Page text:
We approach these questions on two fronts. First, we develop an analytical framework that outlines MSG barriers drawing from existing approaches in political science and economics. The framework accounts for the “nested nature” of MSGs and separately considers issues at four levels: the personal motivations of individual MSG members, the organizational dynamics for the MSG as a whole, the country context and institutional constraints, and international pressures from the donor community. Second, we investigate how these problems arise in practice, drawing on a series of interviews and primary documents from CoST MSGs in the seven pilot countries. 

We argue that the barriers facing MSGs are substantial but vary from context to context. The laundry list of potential challenges includes: weak participation among members due to time constraints or conflicts of interest; problems reaching consensus on key decisions; imbalances of power and capacity across stakeholder groups; a lack of broader social and political legitimacy; difficulties obtaining needed inputs; and insufficient time as a result of external deadlines. Although different MSGs face different issues, our framework shows the value of considering the problem generally and systematically. Each MSG can and should be treated separately, with its particular difficulties diagnosed and addressed accordingly. More broadly, our research suggests that donors must think critically about when the multi-stakeholder approach will prove effective and how to design initiatives that will utilize the advantages of MSGs while mitigating their weaknesses. MSGs may be best used as a means of promoting dialogue and building consensus, not as the locus of policy implementation and oversight.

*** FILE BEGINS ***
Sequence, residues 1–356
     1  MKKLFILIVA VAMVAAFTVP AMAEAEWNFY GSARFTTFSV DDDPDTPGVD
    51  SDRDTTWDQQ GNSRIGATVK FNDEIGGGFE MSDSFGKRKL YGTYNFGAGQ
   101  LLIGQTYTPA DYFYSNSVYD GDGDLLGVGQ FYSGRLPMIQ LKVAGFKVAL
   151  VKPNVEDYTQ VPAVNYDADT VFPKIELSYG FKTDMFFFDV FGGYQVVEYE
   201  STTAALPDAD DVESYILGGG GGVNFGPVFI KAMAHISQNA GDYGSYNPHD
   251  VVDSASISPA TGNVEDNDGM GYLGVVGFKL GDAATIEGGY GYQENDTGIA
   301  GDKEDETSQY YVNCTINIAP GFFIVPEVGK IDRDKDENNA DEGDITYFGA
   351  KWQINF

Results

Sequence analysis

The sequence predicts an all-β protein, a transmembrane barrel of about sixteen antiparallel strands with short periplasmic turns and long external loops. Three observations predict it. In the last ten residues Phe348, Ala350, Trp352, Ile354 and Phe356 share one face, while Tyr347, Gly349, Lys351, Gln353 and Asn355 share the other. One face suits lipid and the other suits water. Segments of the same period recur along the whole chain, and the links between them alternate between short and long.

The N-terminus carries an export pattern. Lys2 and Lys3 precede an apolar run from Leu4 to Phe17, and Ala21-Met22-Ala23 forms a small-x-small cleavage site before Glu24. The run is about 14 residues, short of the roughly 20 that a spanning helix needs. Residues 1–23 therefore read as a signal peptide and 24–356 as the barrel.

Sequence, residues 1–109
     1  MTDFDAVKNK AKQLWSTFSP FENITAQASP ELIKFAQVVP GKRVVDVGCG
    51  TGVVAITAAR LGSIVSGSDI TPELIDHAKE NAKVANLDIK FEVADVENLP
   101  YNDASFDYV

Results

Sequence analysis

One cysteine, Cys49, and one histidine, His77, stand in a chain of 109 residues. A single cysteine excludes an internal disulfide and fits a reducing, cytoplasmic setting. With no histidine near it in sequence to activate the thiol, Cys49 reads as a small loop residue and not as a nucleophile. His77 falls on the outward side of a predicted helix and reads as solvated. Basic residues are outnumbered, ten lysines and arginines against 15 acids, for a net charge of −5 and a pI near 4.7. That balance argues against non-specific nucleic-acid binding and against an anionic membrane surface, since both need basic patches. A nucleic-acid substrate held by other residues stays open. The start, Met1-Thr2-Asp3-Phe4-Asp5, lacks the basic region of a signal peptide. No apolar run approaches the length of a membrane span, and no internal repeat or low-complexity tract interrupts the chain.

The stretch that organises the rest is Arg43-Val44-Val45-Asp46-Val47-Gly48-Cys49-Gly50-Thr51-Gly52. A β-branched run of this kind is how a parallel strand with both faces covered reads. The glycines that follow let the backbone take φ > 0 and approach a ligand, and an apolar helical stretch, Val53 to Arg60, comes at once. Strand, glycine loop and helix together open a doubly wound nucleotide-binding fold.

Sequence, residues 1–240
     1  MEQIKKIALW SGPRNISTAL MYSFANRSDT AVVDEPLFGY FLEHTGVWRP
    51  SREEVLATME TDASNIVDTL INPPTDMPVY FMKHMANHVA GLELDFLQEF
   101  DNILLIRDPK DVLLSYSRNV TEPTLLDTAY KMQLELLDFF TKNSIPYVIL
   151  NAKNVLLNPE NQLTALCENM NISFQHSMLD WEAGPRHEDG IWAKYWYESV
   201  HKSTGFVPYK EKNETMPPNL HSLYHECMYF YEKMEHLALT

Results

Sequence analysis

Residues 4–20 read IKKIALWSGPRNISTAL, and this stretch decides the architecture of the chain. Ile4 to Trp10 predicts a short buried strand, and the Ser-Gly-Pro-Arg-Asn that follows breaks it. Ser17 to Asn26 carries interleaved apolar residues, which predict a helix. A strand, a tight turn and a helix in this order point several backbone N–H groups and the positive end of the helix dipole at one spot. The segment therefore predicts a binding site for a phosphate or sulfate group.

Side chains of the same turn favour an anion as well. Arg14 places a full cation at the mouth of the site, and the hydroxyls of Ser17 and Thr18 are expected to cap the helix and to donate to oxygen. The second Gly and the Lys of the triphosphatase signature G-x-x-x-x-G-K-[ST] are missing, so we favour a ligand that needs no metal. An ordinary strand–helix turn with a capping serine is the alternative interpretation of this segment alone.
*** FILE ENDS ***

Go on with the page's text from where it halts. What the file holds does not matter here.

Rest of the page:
The chapter is structured as follows. Section 2 outlines the scope of the argument and provides additional background information on CoST. In Section 3 we detail a multi-level framework that shows the primary barriers facing MSGs, drawing on experiences from the CoST pilot countries. Section 4 answers our second research question, offering some potential measures to make MSGs more effective. Section 5 concludes with a note on balancing expectations for MSGs moving forward.

Appears in:

International handbook on the economics of corruption, volume two
Rose-Ackerman, Susan Rose-Ackerman